Skip to main content

Why U.S., Israel should welcome Palestinian move at U.N.

By Rabbi Michael Lerner, Special to CNN
November 29, 2012 -- Updated 1034 GMT (1834 HKT)
Secretary of State Hillary Clinton meets with Mahmoud Abbas, president of the Palestinian Authority, on November 21.
Secretary of State Hillary Clinton meets with Mahmoud Abbas, president of the Palestinian Authority, on November 21.
STORY HIGHLIGHTS
  • Rabbi Michael Lerner: Israel cannot achieve security by dominating Palestinians
  • He says the powerful should show more generosity to the relatively powerless
  • Israel, U.S. should support Palestinian move for nonmember state status at the U.N., he says
  • Lerner: Hamas serves Netanyahu's aim of marginalizing the Palestinian Authority

Editor's note: Rabbi Michael Lerner is editor of Tikkun: A Quarterly Journal of Politics, Culture and Society, chair of the interfaith Network of Spiritual Progressives and rabbi of Beyt Tikkun synagogue in Berkeley, California. He welcomes feedback: rabbilerner.tikkun@gmail.com

(CNN) -- Israel's security can only be assured when its neighbors believe that it is no longer oppressing the Palestinian people but instead living in peace and harmony with them.

The de facto strategy of past and present Israeli governments of seeking security through domination and by pushing Palestinians out of their homes, or allowing right-wing religious fanatics to create settlements throughout the West Bank to ensure that no Palestinian state could have contiguous parts, has not and cannot work to provide safety for Israel.

Israel's fate and its well-being are intrinsically linked to the well-being of the Palestinian people. It's time for the powerful to show generosity to the relatively powerless.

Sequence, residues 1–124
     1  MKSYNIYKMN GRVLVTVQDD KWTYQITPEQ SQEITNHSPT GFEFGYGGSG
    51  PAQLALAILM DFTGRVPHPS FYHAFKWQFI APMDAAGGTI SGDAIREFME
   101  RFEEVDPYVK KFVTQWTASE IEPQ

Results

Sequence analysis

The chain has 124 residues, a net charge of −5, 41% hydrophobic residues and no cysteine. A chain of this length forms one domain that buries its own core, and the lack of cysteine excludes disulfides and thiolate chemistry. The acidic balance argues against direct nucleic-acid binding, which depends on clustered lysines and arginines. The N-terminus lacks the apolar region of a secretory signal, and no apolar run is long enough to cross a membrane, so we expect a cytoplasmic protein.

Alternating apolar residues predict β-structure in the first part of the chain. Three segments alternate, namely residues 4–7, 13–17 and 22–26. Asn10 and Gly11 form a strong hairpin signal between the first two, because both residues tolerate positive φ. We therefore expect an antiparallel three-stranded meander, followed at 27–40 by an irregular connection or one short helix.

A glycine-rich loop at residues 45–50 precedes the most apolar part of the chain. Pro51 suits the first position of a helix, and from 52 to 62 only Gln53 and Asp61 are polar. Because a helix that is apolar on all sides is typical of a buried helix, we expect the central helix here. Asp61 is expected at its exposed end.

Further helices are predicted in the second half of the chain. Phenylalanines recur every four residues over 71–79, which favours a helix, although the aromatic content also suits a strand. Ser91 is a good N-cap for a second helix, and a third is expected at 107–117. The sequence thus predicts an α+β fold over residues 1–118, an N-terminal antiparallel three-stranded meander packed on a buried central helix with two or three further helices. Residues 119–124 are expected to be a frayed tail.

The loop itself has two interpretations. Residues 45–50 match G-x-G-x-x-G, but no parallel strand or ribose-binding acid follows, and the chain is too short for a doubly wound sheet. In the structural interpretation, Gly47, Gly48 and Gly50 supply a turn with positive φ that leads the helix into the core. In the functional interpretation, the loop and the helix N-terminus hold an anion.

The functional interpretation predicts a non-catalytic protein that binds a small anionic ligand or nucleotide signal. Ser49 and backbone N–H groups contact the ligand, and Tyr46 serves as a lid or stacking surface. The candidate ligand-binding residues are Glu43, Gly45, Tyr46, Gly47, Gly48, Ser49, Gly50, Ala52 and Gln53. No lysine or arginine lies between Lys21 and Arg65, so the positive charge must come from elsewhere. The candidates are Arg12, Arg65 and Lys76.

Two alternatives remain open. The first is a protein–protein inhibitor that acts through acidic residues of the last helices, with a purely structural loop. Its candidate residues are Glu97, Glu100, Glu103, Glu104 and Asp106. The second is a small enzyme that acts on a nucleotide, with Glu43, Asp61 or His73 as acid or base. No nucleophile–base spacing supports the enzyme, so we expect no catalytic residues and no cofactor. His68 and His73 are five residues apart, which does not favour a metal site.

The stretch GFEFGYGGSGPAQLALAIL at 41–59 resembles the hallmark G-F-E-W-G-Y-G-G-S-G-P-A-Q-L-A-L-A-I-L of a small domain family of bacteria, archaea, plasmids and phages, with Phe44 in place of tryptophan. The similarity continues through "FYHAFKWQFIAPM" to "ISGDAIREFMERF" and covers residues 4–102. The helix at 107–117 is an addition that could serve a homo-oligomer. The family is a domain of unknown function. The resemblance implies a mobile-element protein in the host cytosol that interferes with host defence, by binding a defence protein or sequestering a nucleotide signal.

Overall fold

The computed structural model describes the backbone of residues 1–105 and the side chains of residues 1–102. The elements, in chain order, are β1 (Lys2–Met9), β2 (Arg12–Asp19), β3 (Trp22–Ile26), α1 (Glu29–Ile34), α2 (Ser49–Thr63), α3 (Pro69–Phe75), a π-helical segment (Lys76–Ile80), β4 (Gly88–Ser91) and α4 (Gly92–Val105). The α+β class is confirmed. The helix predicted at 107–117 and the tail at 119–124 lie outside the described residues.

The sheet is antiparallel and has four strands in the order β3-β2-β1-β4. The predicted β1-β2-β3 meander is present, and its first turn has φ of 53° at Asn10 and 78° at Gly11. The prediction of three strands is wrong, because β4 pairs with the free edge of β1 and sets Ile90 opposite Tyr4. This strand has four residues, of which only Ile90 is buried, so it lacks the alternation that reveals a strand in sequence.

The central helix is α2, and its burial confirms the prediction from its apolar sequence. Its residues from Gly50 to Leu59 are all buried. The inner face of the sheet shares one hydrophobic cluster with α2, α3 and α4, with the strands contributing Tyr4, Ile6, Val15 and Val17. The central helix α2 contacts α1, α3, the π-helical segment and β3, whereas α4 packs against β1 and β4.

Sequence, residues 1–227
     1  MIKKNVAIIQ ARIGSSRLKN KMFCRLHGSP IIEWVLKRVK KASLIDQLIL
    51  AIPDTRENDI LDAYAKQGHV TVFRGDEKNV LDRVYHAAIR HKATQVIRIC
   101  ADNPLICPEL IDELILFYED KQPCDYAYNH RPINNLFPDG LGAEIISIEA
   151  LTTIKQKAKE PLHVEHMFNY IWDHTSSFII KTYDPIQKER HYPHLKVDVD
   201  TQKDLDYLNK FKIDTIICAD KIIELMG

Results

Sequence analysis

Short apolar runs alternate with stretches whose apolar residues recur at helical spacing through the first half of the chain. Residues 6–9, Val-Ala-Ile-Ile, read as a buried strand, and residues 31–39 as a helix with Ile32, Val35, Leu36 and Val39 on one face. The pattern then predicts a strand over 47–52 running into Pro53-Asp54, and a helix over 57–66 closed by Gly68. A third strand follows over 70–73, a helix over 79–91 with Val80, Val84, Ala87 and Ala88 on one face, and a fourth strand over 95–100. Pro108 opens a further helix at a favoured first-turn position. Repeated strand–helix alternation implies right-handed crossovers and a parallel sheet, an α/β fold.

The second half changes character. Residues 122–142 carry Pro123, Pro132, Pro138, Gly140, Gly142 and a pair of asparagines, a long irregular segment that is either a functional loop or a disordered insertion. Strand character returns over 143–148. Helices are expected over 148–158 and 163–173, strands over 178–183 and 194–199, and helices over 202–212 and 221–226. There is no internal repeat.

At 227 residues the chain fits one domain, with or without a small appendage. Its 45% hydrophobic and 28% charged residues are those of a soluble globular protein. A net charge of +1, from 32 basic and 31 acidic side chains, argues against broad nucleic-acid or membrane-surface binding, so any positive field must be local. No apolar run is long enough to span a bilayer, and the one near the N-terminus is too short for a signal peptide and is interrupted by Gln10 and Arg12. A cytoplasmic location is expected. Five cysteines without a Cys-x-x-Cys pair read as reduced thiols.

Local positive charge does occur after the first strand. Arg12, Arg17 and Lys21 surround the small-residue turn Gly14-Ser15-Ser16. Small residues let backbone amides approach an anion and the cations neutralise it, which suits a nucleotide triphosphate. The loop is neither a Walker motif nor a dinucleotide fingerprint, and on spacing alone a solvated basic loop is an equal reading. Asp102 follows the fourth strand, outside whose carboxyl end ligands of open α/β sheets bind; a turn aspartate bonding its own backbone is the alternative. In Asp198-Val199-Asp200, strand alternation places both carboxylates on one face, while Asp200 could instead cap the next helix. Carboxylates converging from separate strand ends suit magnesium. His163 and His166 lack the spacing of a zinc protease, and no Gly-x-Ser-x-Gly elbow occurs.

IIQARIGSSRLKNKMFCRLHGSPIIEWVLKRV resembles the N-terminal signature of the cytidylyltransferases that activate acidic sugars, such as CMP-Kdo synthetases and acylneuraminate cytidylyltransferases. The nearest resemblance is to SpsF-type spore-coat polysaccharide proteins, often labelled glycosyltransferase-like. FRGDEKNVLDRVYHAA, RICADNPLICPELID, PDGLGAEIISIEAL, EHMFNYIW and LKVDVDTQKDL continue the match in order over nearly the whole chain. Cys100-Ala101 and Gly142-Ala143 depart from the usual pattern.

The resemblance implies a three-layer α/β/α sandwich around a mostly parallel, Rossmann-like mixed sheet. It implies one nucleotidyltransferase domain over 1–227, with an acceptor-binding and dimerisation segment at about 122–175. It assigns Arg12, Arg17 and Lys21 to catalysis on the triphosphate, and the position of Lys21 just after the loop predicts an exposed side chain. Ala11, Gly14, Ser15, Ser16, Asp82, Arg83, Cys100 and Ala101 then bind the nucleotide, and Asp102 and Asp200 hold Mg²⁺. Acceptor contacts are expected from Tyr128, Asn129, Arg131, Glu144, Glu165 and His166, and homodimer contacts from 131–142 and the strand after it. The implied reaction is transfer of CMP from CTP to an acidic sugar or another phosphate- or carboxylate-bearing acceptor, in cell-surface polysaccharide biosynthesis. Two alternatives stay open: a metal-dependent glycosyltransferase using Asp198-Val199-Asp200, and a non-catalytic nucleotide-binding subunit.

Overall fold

So those in the U.S. and Israel who want Israel to be secure should welcome the Palestinian Authority's decision to seek observer status as a nonmember state in the United Nations. The authority has agreed to return to negotiations with Israel without conditions once that status has been granted. The goal is creation of a state living in peace with Israel in borders roughly approximating those of the before than 1967 war, with minor border changes mutually agreeable through negotiations.

Rabbi Michael Lerner
Rabbi Michael Lerner

So who opposes this? Hamas, Israel and the U.S.

Opinion: Palestinian move at U.N. won't solve anything

Why Hamas? Because Hamas' strategy is to keep their area so powerless that the Palestinian people will turn away from support for the secular and peace-oriented and nonviolence-committed Palestinian Authority. So the last thing Hamas wants is for the Palestinian Authority to win popular esteem by being seen as having "delivered" a real tangible accomplishment to the Palestinian people in the form of statehood.

Become a fan of CNNOpinion
Stay up to date on the latest opinion, analysis and conversations through social media. Join us at Facebook/CNNOpinion and follow us @CNNOpinion on Twitter. We welcome your ideas and comments.



To the extent that even observer status is a step in that direction, powerful elements in Hamas want to undermine it. In fact, Hamas consistently tries to undermine the Palestinian Authority. That explains why it has been so unwilling in the past years to stop its war crimes against Israeli civilians by sending (thankfully, mostly inefficient) missiles toward Sderot and other parts of southern Israel. But even as they fall short of their targets, Hamas manages to create fear and trauma for millions of Israelis.

Why Israel? Because the Likud-Beiteinu dominated government does not want a Palestinian state to emerge that would limit the ability of the Israeli settlers to expand their hold on much of the West Bank. So while they sometimes talk about a two-state solution, they have in mind a tiny state that would not be economically or politically viable.

Its strategy: Insist that it cannot negotiate seriously with the Palestinian Authority on creation of a state because the authority cannot control Hamas. With that reasoning, they ask how can Israel be expected to work with the authority on terms for a peace treaty that would actually be viable? And then simultaneously, Israel strengthens Hamas in various predictable ways.